Wednesday 2 September 2020 7:35pm
“Court-ready” was the consensus among the judges of this year’s National Kaupapa Māori Moot competition, before declaring Faculty of Law student Jacobi Kohu-Morris national winner.
The competition, run by Te Hunga Roia Māori (THRM) as part of its annual conference, sees students from around the country covering a wide range of legal issues relevant to Māori in moot-style competitions in front of sitting judges.
Jacobi (Ngāi Te Rangi, Ngāti Awa, Ngāti Ranginui) says the event was to be held at the University of Waikato, but due to COVID-19 it was run online.
“It’s usually called the Hui-a-Tau but this year, because it used Zoom, it was our “Zui-a-Tau”. We heard some awesome kōrero, especially on the Ellis v R case, currently before the Supreme Court, which promises to be an important case for tikanga, and discussion around deceased peoples’ rights and mana, going forward.”
Jacobi’s moot topic involved a judicial review of the Minister of Health’s decision to issue the Alert Level 2 Order, which restricted tangihanga (Māori funerals) to just 50 people.
The decision was challenged for not being “proportionate”; some felt it disproportionately affected Māori, that it was inconsistent with tikanga, and that it was unlawful in failing to consider the Treaty of Waitangi / Te Tiriti o Waitangi.
He submitted on the Treaty issue and argued that the Minister of Health was not required to consider Te Tiriti, because there was no express requirement under the COVID-19 Act, nor could one be implied.
“My argument was that Treaty principles would not be supported by the Act’s purpose, because they might slow down the Government’s ability to act strongly (and often rapidly) to contain COVID-19 if the Minister had to, for example, consult Māori, or make decisions in partnership with iwi.”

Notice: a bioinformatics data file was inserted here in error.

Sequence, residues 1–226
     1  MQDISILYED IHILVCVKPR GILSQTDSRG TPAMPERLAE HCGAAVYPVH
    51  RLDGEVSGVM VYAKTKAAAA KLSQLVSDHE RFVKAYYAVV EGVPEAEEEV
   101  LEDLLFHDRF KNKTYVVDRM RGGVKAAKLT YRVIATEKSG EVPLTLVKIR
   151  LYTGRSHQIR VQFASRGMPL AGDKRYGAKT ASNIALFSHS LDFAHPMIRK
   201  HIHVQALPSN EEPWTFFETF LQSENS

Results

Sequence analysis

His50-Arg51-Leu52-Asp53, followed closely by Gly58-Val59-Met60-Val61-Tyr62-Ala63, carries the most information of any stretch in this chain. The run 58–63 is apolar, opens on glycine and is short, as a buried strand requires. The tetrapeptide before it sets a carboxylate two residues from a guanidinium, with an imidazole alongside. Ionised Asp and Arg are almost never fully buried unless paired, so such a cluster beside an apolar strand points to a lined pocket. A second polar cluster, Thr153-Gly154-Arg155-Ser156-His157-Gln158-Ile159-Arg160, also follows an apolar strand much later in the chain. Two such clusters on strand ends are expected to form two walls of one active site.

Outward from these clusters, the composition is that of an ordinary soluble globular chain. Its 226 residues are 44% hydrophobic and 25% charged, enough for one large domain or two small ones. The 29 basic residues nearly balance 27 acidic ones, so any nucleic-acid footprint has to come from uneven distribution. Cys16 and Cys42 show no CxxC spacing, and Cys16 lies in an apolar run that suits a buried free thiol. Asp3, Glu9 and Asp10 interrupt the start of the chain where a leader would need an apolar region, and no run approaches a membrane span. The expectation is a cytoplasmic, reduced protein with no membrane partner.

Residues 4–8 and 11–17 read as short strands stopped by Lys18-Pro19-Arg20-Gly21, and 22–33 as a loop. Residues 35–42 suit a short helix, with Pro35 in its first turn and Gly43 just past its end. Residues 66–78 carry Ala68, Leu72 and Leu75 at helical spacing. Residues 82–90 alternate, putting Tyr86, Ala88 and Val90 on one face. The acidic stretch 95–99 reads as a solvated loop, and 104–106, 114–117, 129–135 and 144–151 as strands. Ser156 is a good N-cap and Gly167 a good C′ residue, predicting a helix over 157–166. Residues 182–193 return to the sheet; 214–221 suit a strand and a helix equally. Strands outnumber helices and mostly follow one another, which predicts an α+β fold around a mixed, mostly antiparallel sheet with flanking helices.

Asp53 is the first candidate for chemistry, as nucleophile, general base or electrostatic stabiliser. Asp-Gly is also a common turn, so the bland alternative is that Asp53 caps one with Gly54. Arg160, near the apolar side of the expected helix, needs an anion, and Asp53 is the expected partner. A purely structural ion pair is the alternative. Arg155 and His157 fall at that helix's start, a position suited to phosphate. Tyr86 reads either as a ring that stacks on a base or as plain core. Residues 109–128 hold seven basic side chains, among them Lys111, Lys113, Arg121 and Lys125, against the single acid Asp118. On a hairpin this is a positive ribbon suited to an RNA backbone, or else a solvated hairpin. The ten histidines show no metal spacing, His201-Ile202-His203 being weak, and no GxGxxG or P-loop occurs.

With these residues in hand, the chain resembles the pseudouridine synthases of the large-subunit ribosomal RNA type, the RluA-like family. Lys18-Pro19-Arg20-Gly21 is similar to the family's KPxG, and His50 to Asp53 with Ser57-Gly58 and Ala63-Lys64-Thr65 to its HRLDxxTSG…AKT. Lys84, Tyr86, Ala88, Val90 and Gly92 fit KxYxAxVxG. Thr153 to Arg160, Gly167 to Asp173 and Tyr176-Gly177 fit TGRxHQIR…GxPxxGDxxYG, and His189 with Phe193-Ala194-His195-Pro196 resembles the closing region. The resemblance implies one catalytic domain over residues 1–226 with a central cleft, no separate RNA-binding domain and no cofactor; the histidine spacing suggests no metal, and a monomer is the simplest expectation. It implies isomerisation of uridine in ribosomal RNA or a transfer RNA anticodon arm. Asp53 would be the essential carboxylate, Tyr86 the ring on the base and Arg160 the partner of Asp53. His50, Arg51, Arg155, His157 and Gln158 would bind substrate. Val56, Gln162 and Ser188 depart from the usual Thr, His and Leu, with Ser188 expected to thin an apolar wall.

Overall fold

He also argued the Treaty principles supported the Government being able to act strongly. The active protection principle is particularly important considering the historical effect of the Influenza Pandemic in 1918, during which Māori mortality rates were eight times that of Pākehā.
“My personal views on whether the Minister should have considered Te Tiriti may be different, but it’s a lawyer’s job to be independent and submit on the law, rather than politics or morality.”
Presenting the hypothetical argument in front of Justice Whata (High Court), Judge Stephen Clark (District Court and formerly Māori Land Court), and Judge Tini Clark (District Court) via Zoom presented its own set of challenges, but Jacobi described the experience as exhilarating.
“We had a few glitches during the proceedings. Some, unfortunately, had Zoom break down half-way through their submissions, but on the whole, it was great — although nothing could beat the thrill of being in a real court, before real judges!”
The case was also watched by hundreds of the conference participants on Facebook, including members of Te Roopū Whai Pūtake (the Māori Law Students Association of Otago University).
Jacobi submitted in English but says watching friends from Auckland and Victoria universities submitting in te reo was “awesome.”
Collegiality is a feature of studying Law at Otago and Jacobi says he’s had incredible levels of support from law students and lecturers, including everyone from Te Roopū Whai Pūtake, Nerys Udy (the Tumuaki/President of TRWP), and Professors Andrew Geddis and Jacinta Ruru.
“And it was awesome getting messages from past Otago Māori law students who keep up the whanaungatanga even after they’ve left uni. As the saying goes, ‘E hara taku toa i te toa takitahi. Engari, he toa takitini: Success is not the work of one, but the work of many’.”
Next year Jacobi will be working as a Judges’ Clerk at the Court of Appeal in Wellington.
“I’m not sure where I’ll be after that, but my future with the law definitely involves some more study, and hopefully submitting on a real Treaty or tikanga case one day.”